Penikett: I wasn’t involved in the process at all. The vest is incredible. It’s heavy, heavy leather. It fits perfectly. I can be honest, I’m not really a fan of the pants. The pants were a hazard, if anything. They’ve got a lot of loose, flowing parts that would constantly catch on things. I’d be taking out extras and old people walking by and dogs and cats. I almost killed myself with those pants a couple times.
Blast: This is quite a character, obviously. How did playing him compare to maybe more traditional parts you’ve had in the past?
Penikett: It’s different than most of the roles I’ve done because number one, it’s comedy and, you know, the only time I’ve been allowed to do comedy really has been in theater school. Anybody who knows me knows that I love to laugh, I love to make people laugh. It’s something that brings me a lot of enjoyment. I hope it opens up more doors and that I can do more.
Blast: What’s next for you?
Penikett: We’ve got a couple projects that I can’t yet speak of because the contracts aren’t done. I’m taking some time to do some writing for myself. In terms of work and what I want to do, as an artist I always want to be challenged. I want to do things I haven’t done before.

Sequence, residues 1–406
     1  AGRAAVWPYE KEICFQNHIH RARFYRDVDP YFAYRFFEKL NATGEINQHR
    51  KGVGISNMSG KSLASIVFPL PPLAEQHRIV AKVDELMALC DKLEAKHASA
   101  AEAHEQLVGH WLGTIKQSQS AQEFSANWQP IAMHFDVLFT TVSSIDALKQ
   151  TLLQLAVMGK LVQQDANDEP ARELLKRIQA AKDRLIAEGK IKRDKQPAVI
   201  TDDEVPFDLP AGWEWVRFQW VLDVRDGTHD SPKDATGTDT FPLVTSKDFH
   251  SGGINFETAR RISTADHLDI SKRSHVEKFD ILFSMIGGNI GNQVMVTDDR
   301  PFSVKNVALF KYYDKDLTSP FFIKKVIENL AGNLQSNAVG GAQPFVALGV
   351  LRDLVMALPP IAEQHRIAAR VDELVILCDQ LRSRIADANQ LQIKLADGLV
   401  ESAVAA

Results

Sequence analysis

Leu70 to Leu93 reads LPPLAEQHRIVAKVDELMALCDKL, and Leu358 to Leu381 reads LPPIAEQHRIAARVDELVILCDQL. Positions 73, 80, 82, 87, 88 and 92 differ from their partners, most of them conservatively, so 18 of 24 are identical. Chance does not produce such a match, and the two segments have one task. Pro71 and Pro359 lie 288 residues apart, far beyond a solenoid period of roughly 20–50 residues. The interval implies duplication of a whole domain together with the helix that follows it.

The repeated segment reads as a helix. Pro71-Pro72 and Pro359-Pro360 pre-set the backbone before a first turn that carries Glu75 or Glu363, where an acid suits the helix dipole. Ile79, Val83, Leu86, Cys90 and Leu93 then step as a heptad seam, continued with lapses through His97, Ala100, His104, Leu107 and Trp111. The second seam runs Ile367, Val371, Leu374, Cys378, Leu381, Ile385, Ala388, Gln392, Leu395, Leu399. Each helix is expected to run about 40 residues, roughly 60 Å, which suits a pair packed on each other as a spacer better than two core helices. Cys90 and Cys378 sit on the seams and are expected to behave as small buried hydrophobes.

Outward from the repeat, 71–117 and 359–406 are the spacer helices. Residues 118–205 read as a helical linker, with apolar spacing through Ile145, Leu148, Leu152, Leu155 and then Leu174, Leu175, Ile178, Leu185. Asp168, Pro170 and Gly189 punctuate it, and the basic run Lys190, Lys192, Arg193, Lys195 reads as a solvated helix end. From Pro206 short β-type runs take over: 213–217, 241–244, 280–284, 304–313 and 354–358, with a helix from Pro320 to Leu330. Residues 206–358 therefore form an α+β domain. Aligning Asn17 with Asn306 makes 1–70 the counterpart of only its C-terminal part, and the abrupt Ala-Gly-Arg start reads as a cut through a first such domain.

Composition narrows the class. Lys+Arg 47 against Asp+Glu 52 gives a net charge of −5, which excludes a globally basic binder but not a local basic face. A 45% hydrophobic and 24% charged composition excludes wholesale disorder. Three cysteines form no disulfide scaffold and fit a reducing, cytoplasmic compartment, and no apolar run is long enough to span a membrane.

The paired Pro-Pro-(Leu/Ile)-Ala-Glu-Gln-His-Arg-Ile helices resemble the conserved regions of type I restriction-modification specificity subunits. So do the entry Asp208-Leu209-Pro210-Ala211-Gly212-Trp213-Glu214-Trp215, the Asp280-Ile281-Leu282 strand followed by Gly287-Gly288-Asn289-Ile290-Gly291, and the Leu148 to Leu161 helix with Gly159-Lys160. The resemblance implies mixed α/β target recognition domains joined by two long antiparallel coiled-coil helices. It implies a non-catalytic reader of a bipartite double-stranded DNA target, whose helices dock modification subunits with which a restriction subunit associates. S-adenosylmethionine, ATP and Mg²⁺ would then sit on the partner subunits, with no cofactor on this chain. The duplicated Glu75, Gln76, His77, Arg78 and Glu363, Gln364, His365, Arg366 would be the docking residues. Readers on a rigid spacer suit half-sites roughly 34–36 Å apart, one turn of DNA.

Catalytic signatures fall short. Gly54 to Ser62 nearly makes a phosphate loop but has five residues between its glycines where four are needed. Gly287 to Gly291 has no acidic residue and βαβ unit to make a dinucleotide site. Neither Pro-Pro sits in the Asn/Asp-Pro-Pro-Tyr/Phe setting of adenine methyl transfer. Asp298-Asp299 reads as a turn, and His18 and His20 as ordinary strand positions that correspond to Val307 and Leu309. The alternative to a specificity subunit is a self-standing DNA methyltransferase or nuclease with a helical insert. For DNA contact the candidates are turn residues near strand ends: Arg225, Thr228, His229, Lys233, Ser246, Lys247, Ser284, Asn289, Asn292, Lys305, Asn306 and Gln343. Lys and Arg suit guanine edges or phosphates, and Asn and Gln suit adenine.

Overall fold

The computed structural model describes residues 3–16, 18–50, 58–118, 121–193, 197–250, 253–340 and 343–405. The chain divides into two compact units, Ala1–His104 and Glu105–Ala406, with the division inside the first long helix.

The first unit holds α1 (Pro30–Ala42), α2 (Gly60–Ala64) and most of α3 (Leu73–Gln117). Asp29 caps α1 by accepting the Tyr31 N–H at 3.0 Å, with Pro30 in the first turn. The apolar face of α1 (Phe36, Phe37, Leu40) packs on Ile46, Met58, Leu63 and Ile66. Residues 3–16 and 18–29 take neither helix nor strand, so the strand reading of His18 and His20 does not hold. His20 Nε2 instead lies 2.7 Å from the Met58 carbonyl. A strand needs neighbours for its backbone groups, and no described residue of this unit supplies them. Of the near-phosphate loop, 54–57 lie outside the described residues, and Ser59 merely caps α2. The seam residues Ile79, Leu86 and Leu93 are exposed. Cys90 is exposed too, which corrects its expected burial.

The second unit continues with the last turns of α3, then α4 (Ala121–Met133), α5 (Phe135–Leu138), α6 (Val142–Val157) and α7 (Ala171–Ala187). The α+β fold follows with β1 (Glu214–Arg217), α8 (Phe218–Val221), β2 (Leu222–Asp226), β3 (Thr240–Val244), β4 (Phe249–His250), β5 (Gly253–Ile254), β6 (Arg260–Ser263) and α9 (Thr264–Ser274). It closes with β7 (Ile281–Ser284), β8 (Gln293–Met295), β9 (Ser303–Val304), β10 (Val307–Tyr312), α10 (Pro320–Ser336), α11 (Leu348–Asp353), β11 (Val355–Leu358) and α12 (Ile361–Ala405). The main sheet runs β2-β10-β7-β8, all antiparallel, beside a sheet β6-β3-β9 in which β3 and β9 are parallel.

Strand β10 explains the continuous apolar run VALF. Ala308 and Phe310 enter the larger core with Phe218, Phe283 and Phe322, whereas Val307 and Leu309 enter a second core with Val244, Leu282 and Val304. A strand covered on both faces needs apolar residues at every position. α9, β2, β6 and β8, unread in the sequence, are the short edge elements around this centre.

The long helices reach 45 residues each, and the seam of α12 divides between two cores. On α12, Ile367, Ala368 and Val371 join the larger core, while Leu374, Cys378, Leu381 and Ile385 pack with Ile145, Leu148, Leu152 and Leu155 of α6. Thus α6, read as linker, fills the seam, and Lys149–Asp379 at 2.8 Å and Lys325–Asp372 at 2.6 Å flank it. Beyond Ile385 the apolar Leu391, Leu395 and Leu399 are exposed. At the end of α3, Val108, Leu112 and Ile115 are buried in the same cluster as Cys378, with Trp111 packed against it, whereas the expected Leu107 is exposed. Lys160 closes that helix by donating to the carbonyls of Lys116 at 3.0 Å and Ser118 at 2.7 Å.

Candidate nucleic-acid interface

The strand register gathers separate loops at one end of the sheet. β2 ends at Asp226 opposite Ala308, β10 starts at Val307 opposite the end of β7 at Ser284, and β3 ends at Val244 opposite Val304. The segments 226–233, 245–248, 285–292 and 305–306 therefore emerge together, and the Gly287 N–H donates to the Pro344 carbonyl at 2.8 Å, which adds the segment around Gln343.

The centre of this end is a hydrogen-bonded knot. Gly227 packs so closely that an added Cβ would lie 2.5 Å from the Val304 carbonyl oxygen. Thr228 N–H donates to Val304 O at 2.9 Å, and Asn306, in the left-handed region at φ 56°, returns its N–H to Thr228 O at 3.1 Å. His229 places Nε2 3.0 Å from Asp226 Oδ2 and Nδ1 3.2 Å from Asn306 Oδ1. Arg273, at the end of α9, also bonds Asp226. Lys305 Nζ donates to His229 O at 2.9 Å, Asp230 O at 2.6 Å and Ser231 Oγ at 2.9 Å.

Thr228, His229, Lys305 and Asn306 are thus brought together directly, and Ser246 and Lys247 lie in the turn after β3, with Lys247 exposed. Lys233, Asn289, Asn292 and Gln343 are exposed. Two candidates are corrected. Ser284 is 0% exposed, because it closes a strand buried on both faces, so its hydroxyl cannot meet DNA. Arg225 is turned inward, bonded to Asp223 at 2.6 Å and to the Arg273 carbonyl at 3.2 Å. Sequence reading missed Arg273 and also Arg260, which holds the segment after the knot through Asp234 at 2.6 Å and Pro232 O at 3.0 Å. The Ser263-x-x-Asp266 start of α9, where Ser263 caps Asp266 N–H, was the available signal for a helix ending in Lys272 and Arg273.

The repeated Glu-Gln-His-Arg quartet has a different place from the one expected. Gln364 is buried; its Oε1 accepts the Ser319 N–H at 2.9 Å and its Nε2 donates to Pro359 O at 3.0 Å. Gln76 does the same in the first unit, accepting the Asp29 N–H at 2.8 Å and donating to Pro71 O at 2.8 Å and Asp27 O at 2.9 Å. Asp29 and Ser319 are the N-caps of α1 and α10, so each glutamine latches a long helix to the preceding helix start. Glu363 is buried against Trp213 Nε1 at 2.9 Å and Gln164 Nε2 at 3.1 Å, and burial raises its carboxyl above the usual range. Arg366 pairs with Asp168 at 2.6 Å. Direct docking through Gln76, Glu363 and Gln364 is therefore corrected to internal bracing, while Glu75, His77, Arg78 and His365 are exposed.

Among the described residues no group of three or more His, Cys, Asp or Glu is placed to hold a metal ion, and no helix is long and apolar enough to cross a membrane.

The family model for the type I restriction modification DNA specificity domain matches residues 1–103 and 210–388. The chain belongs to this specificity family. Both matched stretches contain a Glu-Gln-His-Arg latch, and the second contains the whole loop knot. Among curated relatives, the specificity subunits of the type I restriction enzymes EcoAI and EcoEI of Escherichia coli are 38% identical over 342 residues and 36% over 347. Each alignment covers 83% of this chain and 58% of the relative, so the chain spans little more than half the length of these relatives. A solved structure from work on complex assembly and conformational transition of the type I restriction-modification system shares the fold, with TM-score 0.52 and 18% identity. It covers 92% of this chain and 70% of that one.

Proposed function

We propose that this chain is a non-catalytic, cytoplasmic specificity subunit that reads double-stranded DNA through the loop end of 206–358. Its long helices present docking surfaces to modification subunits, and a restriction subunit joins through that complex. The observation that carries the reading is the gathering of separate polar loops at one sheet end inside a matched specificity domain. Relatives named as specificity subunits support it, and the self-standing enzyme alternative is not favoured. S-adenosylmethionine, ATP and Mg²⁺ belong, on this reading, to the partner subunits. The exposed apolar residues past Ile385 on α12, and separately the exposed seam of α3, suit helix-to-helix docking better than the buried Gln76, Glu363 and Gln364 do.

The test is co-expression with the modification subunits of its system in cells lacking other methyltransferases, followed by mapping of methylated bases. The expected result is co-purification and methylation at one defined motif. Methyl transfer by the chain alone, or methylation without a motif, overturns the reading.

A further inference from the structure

Blast: In terms of writing, are you interested in writing for the entertainment industry or is it a more personal thing?
Penikett: I’m interested in writing my own projects. I’ve always been interested in directing. I’ve worn the producer hat more than a few times now for some smaller projects and I kind of want to wear all three hats and bring to life some of my own projects here soon.
Blast: In terms of the future of the show, what can viewers expects from Al and from the series?
Penikett: I think we’ll see a lot of things. There’s gonna be a showdown between Alar and the assassin that’s been sent to get him. Hopefully we’ll meet this evil sister that he talks about who sent the assassin after him. We’ll learn more about these dark forces that he’s worried about that are threatening his home world. We’ll see some of the other creatures and the other characters that Alar speaks of from his world and hopefully we’ll see some more magic.